Geocaching tends to have quite a few electronic helpers, based on the fact that it’s an electronic sport. Letterboxing, however, the old fashioned analog version of geocaching, has usually been a pen-and-paper kind of activity. I recently reviewed BoxFinder, an app for letterboxing clues. I have since found a second one called Clue Tracker.
Clue Tracker will allow you to search for letterboxes through Atlas Quest or Letterboxing North America (LbNA), the two major letterboxing websites. You can search for boxes near your location, by address or zip code or by box name. Once you choose a letterbox to find, touch the map to show where the box is located or to get directions to the box. You can also save the letterbox by touching the backback. Once you save several letterboxes, you can display all of them on one map.
If you save a clue that is from Atlas Quest, Clue Tracker saves the clue text for offline use. If you save a clue from Letterboxing North America, whether the clue text is saved locally or not depends on how the person entered the clue on LbNA. The Clue Tracker authors do plan some improvements regarding this issue in the future, however, and will eventually allow offline clue reading for all clues. They also plan to add support for more than one set of saved letterboxes.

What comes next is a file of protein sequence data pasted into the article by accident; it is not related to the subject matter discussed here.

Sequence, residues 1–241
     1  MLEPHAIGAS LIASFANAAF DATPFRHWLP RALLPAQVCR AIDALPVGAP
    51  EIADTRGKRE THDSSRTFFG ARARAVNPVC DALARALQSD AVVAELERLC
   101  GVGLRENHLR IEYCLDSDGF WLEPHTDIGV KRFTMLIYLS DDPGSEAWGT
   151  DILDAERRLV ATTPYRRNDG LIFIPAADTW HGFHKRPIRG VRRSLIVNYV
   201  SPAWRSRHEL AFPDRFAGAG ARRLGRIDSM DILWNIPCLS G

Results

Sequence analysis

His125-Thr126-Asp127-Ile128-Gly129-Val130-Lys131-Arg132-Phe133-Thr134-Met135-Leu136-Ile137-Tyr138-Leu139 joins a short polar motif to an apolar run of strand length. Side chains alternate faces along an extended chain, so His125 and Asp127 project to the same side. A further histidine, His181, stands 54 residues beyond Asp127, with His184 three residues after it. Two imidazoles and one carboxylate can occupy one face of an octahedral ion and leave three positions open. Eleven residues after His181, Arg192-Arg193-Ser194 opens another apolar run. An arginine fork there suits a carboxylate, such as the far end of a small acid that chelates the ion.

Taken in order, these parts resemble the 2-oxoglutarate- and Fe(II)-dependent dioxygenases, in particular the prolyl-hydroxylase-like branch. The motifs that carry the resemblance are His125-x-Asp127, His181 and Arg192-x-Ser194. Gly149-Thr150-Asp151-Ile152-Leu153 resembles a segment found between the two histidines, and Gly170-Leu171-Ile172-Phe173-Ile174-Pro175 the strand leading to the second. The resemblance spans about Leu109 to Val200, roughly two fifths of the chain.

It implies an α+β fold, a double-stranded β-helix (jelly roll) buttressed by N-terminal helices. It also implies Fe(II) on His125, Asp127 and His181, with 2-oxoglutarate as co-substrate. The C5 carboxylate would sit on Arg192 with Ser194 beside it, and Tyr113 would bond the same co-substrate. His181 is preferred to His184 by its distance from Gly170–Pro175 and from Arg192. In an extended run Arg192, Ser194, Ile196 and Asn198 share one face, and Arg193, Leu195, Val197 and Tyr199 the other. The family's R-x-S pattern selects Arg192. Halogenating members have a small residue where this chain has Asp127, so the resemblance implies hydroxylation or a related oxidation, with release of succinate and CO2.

For saved letterboxes, there is also a Notes field for recording information about the boxes, or about your adventure in finding them. To get there from the Saved Letterboxes area, touch “Edit” and you’ll see the Notes field.
Touching LbNA or AQ on a clue screen will take you to Safari and out of the program, since it shows you the clue on the LbNA or Atlas Quest website. Fortunately, when you start up Clue Tracker again, it takes you right back to where you were, at the clue. This is a very nice feature. The app also allows you to log into your Letterboxing North America account to hide the boxes you’ve planted yourself and those you have already found.
Clue Tracker is simple to use, and does what it is supposed to do, but for a few of the letterboxes, it is only useful at home and in wifi hot spots for people with an iPod Touch. It is available in the iTunes store for $4.99.
Wired: Best for those with an iPhone, lets you view multiple clues on a map and gives directions to the clue start. Has a notes field.
Tired: Some of the clues won’t save within the app.
Note: I received a free copy of this app for review purposes.